The ban was imposed in the wake of a catastrophic crash at Le Mans in 1955 that claimed the lives of over 80 spectators and injured another 120. In the aftermath, Mercedes shut down its racing program, and several countries – including Germany, France, and Spain – banned racing within their territories. But long after Mercedes returned to motorsports in the 1980s and most countries lifted their bans, Switzerland kept its strict rules in place.
Authorities began reviewing that policy recently, and consented to permit the electric series to race there. Organizers were targeting an addition to the current season two calendar to hold a race in the southern lakeside city of Lugano near the Italian border. But after finding that the preparations – particularly in preparing the roadways – would take more time than expected, they're reportedly adjusting expectations to seek a race in next season's 2016-17 calendar instead, as was originally expected.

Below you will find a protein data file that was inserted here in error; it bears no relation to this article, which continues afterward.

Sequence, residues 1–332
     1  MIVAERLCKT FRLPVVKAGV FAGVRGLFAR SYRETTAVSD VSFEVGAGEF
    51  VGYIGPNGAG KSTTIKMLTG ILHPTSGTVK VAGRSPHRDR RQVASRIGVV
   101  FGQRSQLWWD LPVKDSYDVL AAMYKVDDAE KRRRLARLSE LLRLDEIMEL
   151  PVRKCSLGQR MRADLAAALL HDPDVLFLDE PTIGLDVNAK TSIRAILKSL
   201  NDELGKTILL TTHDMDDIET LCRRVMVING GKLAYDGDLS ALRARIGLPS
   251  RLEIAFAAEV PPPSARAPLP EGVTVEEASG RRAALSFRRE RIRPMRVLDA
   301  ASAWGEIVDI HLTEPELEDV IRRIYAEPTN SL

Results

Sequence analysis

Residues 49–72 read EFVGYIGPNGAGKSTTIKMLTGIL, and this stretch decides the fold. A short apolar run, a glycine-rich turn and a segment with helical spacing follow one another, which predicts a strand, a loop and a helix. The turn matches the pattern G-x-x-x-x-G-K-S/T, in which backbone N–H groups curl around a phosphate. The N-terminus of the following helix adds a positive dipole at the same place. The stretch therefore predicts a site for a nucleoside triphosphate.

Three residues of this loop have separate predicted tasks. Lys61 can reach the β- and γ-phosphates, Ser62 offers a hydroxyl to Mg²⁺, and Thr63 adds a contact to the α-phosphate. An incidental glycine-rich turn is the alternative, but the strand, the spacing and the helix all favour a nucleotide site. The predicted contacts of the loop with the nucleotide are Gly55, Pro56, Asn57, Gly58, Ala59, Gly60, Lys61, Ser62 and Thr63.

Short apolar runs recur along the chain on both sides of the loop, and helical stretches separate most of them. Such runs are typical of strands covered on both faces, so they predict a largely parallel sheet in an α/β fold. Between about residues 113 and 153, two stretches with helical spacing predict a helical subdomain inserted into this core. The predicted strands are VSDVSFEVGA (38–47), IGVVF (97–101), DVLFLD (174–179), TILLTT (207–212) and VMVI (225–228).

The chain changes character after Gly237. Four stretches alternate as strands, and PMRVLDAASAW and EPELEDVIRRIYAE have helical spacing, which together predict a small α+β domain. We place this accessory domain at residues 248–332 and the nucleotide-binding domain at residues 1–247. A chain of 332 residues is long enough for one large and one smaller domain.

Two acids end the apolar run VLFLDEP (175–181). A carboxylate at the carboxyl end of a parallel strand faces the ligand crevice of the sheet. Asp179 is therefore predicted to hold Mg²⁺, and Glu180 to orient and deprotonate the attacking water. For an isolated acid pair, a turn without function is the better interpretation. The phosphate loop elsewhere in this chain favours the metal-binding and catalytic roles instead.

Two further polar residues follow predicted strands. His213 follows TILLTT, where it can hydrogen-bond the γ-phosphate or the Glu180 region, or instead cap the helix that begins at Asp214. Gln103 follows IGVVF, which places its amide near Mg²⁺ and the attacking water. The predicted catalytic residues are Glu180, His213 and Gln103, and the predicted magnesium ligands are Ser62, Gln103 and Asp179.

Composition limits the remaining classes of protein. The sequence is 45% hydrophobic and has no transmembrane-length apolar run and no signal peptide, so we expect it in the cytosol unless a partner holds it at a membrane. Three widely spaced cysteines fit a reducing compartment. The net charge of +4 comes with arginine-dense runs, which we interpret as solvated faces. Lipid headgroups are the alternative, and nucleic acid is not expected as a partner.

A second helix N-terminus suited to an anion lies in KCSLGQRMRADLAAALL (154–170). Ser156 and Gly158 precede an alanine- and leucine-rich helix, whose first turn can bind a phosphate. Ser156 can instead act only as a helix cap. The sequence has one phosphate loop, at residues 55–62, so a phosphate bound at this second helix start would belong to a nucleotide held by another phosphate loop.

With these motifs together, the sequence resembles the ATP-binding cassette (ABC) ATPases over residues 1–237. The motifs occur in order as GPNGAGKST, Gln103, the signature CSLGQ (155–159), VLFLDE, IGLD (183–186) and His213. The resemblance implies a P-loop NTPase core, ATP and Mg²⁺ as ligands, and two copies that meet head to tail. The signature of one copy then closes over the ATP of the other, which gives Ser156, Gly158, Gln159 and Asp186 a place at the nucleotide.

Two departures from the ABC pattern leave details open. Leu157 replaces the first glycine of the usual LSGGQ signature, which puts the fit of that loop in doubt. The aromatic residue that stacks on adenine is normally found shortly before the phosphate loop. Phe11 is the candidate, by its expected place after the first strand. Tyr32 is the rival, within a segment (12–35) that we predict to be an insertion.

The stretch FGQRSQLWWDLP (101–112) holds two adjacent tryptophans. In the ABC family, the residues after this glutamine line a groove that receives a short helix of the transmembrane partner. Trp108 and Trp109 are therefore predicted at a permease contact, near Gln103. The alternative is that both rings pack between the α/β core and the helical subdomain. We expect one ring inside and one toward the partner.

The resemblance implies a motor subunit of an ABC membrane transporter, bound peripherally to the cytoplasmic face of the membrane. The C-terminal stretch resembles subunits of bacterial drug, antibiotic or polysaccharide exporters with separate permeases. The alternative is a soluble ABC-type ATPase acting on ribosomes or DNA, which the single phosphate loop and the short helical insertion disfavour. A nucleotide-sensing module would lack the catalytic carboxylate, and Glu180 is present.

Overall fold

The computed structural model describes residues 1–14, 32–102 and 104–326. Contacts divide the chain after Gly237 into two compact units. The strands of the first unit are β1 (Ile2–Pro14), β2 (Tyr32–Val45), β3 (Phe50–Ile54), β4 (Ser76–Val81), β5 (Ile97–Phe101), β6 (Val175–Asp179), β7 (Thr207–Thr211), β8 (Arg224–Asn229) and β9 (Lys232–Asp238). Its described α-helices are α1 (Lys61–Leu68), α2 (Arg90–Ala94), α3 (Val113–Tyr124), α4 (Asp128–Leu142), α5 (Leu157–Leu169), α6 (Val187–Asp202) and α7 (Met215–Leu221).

Even without a race, Switzerland has been well represented in the series. The Trulli GP team is registered there, and four Swiss drivers have competed – more than any other country save for France. Those have included Sebastien Buemi, Alex Fontana, Fabio Leimer, and Simona de Silvestro, who drove a demonstration event last year in Geneva.